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Highlighting urban natural treasures in Tallinn and Helsinki

NATTOURS, a collaboration between SEI Tallinn and the two cities’ municipal governments, will work to develop nature tourism attractions and promote them through a web portal and mobile apps.

Helen Saarniit / Published on 29 March 2016

Related people

Piret Kuldna

Senior Expert (Environmental Management Programme)

SEI Tallinn

Heidi Tuhkanen
Heidi Tuhkanen

Senior Expert (Environmental Management Programme)

SEI Tallinn

Kadriorg Park is a garden paradise. Flower beds in elaborate patterns bloom in bright purples and reds at the foot of Estonia’s Presidential Palace. There is a rose garden, a Japanese garden, a swan pond. Tall trees line quiet walkways. On a sunny day, you can wander for hours, ending at the sea shore.

Harakka Island, a quick boat ride away from Helsinki’s southern coast, is home to an extraordinary rich flora and fauna, including numerous birds that nest in a protected area from April to August. A nature trail snakes through island and leads to a bird-watching point. An on-site Nature Centre offers free-of-charge nature excursions, island adventures, exhibitions and public events.

These are the kinds of natural gems that are the focus of NATTOURS – Sustainable Urban Nature Routes Using New IT Solutions. Launched this month by SEI’s Tallinn Centre, the City of Helsinki Environment Centre, and the Environment Department of Tallinn City Government, the project aims to raise the profile of high-nature value sites in Tallinn and Helsinki and further develop them, including through new nature education programmes.

NATTOURS will work to promote nature tourism across both cities, but with a special focus on five sites: the Rocca al Mare area, Kadriorg Park and Paljassaare special protection area in Tallinn, and Harakka Island and the Viikki area in the Helsinki archipelago. Plans for the Tallinn sites, for example, include a bird-watching tower on the Rocca al Mare promenade and several new nature trails in Kadriorg Park and in Paljassaare – a rather undiscovered peninsula that is a haven for migratory birds.

SEI Tallinn’s role in NATTOURS is to deliver background studies on biodiversity, ecosystem services and visitors in the focus areas in both Tallinn and Helsinki.

“Our research will be used for better understanding the profile and aim of the visitors and to gather information about nature tourists’ routes and destinations,” says SEI Senior Expert Meelis Uustal. “The visitor surveys will also give us the input to our ecosystem services study, where we will explore the range and scope of ecosystem services that these urban woodland and wetland areas supply to people. More specifically, we will gather information about pollinators, dragonflies, breeding birds, bats and vascular plants that will eventually find their way into the information materials produced by our NATTOURS partners.”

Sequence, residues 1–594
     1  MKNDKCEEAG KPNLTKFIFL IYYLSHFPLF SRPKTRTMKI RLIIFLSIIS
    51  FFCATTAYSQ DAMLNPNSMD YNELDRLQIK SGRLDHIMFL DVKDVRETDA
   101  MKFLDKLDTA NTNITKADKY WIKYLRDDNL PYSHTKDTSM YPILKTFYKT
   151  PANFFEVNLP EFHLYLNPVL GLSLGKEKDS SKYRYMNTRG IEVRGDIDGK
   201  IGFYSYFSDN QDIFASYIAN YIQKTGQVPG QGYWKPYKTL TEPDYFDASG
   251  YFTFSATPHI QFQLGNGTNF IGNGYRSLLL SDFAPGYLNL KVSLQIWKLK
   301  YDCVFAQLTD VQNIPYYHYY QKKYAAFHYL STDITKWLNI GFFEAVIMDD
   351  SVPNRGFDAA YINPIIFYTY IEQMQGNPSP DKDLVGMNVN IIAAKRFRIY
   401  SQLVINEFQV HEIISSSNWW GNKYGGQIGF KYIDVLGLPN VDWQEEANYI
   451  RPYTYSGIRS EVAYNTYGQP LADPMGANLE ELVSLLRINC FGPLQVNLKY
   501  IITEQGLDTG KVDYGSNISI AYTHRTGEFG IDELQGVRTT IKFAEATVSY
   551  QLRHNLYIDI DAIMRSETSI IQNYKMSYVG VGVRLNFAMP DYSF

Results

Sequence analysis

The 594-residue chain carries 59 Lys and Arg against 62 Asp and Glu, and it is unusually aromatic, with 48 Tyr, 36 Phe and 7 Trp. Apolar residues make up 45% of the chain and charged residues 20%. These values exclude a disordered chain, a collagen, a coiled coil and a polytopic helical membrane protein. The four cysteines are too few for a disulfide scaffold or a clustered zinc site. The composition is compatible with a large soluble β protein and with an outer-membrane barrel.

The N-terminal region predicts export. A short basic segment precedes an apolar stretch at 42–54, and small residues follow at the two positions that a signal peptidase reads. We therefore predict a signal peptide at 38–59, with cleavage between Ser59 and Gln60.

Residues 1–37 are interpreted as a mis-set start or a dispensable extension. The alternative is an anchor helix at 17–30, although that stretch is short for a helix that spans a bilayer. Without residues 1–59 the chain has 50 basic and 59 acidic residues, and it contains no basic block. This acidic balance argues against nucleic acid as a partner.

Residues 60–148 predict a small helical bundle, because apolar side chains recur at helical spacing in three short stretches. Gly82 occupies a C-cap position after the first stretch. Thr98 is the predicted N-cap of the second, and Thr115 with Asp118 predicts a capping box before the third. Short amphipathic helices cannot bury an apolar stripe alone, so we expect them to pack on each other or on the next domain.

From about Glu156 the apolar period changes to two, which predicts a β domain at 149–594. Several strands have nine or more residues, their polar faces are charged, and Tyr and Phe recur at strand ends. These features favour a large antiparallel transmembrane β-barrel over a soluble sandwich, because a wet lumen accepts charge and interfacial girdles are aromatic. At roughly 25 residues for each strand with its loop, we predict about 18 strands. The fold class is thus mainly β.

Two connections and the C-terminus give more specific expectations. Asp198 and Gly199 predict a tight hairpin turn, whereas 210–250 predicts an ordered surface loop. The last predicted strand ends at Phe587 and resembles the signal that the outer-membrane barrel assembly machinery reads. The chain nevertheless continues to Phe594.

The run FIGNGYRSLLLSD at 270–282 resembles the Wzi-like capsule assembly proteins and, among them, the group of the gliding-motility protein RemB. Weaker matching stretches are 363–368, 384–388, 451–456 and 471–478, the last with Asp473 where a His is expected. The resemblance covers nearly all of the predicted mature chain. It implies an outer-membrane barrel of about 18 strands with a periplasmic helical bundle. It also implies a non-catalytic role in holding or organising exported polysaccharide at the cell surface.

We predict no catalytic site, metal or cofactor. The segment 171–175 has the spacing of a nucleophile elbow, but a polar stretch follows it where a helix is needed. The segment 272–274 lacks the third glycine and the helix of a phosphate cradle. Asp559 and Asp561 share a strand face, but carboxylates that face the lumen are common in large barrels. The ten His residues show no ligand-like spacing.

Technology is a big part of the project as well. By 2018, the project aims to develop a joint Helsinki-Tallinn nature tourism web portal showcasing information about the cities’ nature tourism and nature educations sites and offerings. There are also plans for mobile applications that provide maps, GPS-guided excursions, and maybe even tools to identify birds by their songs.

“We are still exploring all the options,” says Uustal. “Our background surveys will also help us understand what the nature in the targeted locations can offer and what our visitors expect and need. Another thing to bear in mind is that information technology is developing very fast – so who knows what the world of applications will look like by 2018. So we also have to be able to look ahead in time and create something that the visitors will be able to use for many years to come.”

A blossoming partnership

The cities are developing their green potential at a strategic time: Finland and Estonia will celebrate their centennials in 2017 and 2018, respectively. Tallinn officials are also hoping that in 2018, the city will be chosen as Europe’s Green Capital, as part of a competition sponsored by the European Commission.

Tallinn and Helsinki already collaborate extensively. The two capital cities are just 80 kilometres apart – a 90-minute ferry ride – so many tourists who visit Helsinki also choose to visit Tallinn, and vice versa.

“Now and then there is even talk of creating a joint city – Talsinki, or a tunnel under the Baltic Sea to connect the two cities,” says Uustal. “So bearing in mind this context, having a joint tourism and education project really seems to make sense – particularly one focusing on our natural treasures.”

NATTOURS is funded by the Central Baltic Programme 2014–2020, a programme financing cross-border cooperation projects in the central Baltic Sea region. The participating countries are Finland, Estonia, Latvia and Sweden. A total of €115 million from the European Regional Development Fund (ERDF) is made available to support cross-border cooperation projects between partners in at least two countries at a time.

Learn more about NATTOURS »

Topics and subtopics
Health : Cities
Related centres
SEI Tallinn
Estonia, Finland

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